- a note from the artist:

Every so often, a song pours out of a heart (in this case, three hearts) that encapsulates every feeling of a deeply personal experience.  It’s unexplainable, unforgettable, and spiritual.  That’s what happened the night Jimmy Fortune, Zach Runquist, and I wrote Jealous of the Angels.

When I was only ten years old, my dad was killed in a car accident while driving my brother Jeff and me to school.  He was our hero.  Music became an outlet to process through the trauma, and songwriting quickly became the therapy.  I found a peace, a comfort anytime my fingers danced across the keys, and I poured my emotions into every song I sang.

I didn't speak with a counselor at the time, but had an amazing piano teacher that took this musical expression very seriously and encouraged me to begin composing.  Music became my safe place.

In 2008 I followed my dreams all the way to Nashville, and met Zach shortly thereafter.  We started writing together, and one day he approached me with the song idea, ‘God must need another angel around the throne tonight,’ wondering if I might find it helpful to write about my experience.  I had tried to avoid it in the past, always staying on the surface, but something in my spirit said yes.

On a rainy November evening in 2009, Zach, Jimmy, and I gathered at Jimmy’s Tennessee home.  I remember feeling incredibly unprepared and relatively anxious on my way there.  I was running a bit early, so I found a parking lot nearby and pulled out my journal.  I started writing.  I went back to the accident, back to all my feelings of pain, sadness, and anger.  While fighting back tears, I filled six pages front and back.  I apologetically arrived at Jimmy’s, saying I hadn’t prepared any lyrics, but began reading through the thoughts I had written down only minutes before.  There within my scribbled handwriting were the words, ‘I’m just jealous of all the angels who are with my dad now.’  Jimmy stopped me and said, “that’s our song.”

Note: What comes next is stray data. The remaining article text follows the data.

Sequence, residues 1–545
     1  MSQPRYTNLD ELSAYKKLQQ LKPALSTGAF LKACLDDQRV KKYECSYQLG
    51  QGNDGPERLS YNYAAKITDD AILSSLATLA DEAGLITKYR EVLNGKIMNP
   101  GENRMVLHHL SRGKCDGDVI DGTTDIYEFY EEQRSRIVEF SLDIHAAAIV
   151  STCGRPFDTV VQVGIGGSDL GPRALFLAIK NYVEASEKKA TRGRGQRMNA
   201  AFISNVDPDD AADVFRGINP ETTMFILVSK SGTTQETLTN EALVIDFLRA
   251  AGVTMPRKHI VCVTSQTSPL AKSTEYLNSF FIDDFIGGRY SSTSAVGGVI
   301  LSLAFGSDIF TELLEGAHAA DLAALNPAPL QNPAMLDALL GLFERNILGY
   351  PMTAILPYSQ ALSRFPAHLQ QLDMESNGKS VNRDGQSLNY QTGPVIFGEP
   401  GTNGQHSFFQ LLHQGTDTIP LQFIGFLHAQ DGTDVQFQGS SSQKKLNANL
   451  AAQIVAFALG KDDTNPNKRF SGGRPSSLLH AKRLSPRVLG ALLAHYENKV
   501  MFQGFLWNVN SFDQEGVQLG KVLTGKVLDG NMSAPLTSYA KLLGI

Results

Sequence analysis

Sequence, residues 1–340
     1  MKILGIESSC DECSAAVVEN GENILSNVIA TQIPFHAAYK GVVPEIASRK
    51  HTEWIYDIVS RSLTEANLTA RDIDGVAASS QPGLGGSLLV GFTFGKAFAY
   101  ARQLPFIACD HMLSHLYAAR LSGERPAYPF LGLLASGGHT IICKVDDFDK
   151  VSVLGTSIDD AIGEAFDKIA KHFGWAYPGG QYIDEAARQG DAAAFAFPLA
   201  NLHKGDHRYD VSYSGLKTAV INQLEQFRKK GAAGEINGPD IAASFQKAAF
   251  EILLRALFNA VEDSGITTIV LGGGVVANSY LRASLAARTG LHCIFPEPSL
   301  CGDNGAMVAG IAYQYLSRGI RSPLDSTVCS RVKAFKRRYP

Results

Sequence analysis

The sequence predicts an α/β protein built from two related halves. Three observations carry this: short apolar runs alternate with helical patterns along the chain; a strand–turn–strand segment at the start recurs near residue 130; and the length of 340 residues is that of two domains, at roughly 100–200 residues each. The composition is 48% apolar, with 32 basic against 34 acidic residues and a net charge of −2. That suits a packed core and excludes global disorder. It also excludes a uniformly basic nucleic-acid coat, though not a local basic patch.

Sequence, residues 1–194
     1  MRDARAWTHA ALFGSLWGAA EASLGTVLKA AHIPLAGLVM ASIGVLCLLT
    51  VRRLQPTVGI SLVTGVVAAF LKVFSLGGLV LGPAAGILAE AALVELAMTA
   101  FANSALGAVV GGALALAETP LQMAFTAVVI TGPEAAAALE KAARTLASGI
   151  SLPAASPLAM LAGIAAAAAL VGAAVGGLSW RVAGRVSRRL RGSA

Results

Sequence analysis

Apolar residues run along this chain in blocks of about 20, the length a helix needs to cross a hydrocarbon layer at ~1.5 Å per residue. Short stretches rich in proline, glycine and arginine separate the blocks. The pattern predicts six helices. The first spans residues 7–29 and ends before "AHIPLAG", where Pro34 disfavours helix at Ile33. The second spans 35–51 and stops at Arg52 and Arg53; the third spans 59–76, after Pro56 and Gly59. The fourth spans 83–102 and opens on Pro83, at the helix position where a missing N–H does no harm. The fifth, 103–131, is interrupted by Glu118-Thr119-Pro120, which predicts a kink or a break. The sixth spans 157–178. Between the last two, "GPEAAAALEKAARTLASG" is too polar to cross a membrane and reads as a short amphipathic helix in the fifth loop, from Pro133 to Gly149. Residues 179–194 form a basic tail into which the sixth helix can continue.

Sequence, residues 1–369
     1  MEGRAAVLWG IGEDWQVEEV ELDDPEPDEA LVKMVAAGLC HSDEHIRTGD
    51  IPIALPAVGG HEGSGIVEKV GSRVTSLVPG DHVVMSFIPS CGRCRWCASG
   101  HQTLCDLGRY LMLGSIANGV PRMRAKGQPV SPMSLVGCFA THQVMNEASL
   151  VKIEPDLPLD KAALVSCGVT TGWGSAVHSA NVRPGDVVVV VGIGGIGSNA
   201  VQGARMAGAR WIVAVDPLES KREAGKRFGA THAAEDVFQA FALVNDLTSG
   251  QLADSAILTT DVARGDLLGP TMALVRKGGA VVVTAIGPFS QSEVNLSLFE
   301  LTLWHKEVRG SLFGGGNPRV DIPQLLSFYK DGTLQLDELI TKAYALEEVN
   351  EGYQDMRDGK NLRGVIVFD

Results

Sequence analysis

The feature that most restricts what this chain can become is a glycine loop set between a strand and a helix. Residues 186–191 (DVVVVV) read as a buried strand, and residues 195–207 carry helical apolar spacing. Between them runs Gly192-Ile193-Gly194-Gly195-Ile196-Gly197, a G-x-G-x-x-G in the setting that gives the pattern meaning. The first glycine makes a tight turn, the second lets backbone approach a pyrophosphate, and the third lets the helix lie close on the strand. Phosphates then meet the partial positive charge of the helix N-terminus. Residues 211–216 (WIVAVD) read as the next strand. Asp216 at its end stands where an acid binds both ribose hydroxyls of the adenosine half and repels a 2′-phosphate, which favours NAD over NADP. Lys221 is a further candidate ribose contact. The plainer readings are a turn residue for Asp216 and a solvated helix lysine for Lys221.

Less than an hour later, the song was written.  Tears were flowing and an incredible weight I didn’t realize I had been carrying was lifted off my shoulders.  There were no plans to release the song, it was meant to be a therapeutic exercise for me.

About a month later while performing at the Bluebird Cafe in Nashville, my palms started sweating, my heart raced, and everything within me said, play that song.  I barely got through it and after the show a woman approached me and said, “I lost my dad two days ago, and I know you played that song for me tonight.”

In that moment I experienced a shift in my heart.  If sharing a song about the worst experience I had ever walked through could somehow bring peace and comfort to others who were mourning, I had a responsibility to share that. 

Months later, I filmed a music video for the song in my hometown of Waconia, Minnesota, that included a visit to dad's grave.  Six months after the video’s release a woman found the song and sent it to Smooth Radio in the United Kingdom.  The song connected like wildfire.  It became one of the top ten requested songs for the week, was playlisted on BBC radio, and shortly after I was flying to England to perform on BBC Breakfast Television, after which the song went #1 on the iTunes singer/songwriter chart.  Since then, I’ve had the privilege and honor of performing it on the Grand Ole Opry, the Ryman Auditorium stage, and at various other radio, television and live venues around the world.  Incredible artists in the U.K. and Ireland including Donna Taggart, Katherine Jenkins, and Nathan Carter, have gone on to record stunning versions, reaching more and more people.  The song has been used in numerous memorial videos, and covered in hundreds, if not thousands of videos across various social media platforms.

I’ve learned so many things since playing 'Jealous' for the very first time, but one in particular stands out: vulnerability breaks down walls and gives others permission to share their story.  I’ve heard firsthand countless stories of how this song has helped people, and I hope it continues to meet people in their journey with grief.  I’ve found personal healing in sharing my story and this song, and I am reminded every time I perform it that we do not have to grieve alone.